Psychological Survival

Growing up, I never really wore nail polish, especially on my fingers. Besides having a problem with nail-biting, I always just felt like nail polish was just too girly for me (which I now realize is ridiculous for a number of reasons, mostly just because there is nothing inherently bad about being girly and that was partially just my own internalized misogyny speaking). Occasionally during the summer, I would paint my toe nails (always a different color on every toe) but that was the extent of it.

While I was in Romania, Mom started painting her fingernails. And everyone else’s fingernails she could convince to sit still long enough for her to get her brushes out. For her, nails became tiny pallets where she could paint anything without the pressure of it being something that would last forever.

So a few weeks before I got home, I started really growing my nails out. She painted them within a few days of me being home and would repaint them about once a week. Once school started, she painted my nails about every other week when I would come home on the weekends. But by that point, I was so used to my nails being painted it felt strange to go that long. So I started painting them myself.

At first I was pretty bad at it. I would always strategically plan my nail-painting before a shower so I could get all the excess nail polish off the skin around my fingers. Still, bit by bit, I improved. Now I mostly only get nail polish on the skin on my right hand.

It wasn’t long before it became an apartment ritual. At least once a week, I would gather in the front room with my roommates and we would paint our nails. It became a sort of stress relief. It wasn’t until I met with a therapist once that I completely understood why.

So in our hour long session, my therapist (if I can call him that after only ever seeing him once?) told me it seemed like I might have some control issues and that I needed to come back so he could teach me some coping mechanisms to work through them. I essentially told him “you can’t tell me what to do” and never went back. I know that story sounds fake but I promise you it is real.

Even though I never went back, I did think a lot about what he said. Especially that year, it did feel like everything was falling apart a bit. There were so few things I felt like I had control over (my health, my emotions, my future) that I needed to be able to control other things. I made my bed every day. My room was always clean and my clothes were put away. And, my nails were always done. These were things I could control.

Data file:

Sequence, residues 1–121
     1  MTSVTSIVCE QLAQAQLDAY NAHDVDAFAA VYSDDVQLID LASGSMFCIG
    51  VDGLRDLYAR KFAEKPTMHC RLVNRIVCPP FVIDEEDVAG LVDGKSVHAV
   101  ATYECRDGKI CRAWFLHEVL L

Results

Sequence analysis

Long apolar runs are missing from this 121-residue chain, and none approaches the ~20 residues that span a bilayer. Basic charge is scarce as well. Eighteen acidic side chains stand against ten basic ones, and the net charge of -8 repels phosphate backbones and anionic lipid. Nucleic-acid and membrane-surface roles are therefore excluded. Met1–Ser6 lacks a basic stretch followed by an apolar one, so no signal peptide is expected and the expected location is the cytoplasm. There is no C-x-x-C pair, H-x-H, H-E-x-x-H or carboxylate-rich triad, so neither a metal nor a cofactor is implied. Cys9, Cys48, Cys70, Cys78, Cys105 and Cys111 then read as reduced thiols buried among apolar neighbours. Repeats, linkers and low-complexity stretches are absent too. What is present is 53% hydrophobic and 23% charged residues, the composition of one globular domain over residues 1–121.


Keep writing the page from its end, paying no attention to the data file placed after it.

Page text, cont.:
And it wasn’t just my nails being done that helped, it was the actual painting of my nails. Sure, I wasn’t great at it, but I could control it and it was familiar and fun.

Around that same time, I was introduced to a show called Dude You’re Screwed. The basic premise is that there are four friends from different backgrounds (Marines, Army Rangers, British Royal Air Force, and some guy from Southern Utah that runs marathons barefoot and lives in the desert for extended periods of time) and they take turns abducting each other and leaving the abductee in the middle of nowhere with an assortment of random items and only a few days to make it to safety or they lose the game. Before the abductee is dropped off, he is searched to see if he is hiding anything that he could use to aid his survival.

John Hudson of the British Royal Air Force is probably the best at this game. He always has things sewn into the hems of his pants or in a secret compartment in the hole of his shoe or concealed by a patch in his jacket. In addition to being the best at sneaking stuff in, Hudson literally wrote the manual for the British Royal Air Force on psychological survival and designed the training course to prepare soldiers for being stuck behind enemy lines.

Because Hudson understands the importance of psychological survival and how it can impact our physical survival, one thing he manages to do in almost every episode where he is the abductee is to make a cup of tea. I know, it is so painfully stereotypically British. But for him, it is something small that he can control that helps him feel more in control of everything else. If he hasn’t somehow managed to smuggle in a tea bag, he will find something from his surroundings to make into tea.

For me, nail polish is my cup of tea. It is small and I can control it. This little bit of control helps me feel like I can take on the rest of the chaos in my life. So it may be silly but come the zombie apocalypse and subsequent collapse of society, finger nail polish is on my list of things to find during supply runs.

Because I can’t help but feel fierce when my nails are blood red or complex when they are matte black. Because tiny tapestries on my hands that depict forests or oceans or galaxies make me feel as awe inspiring as those things are. And yes, sometimes I even paint my nails bright pink.

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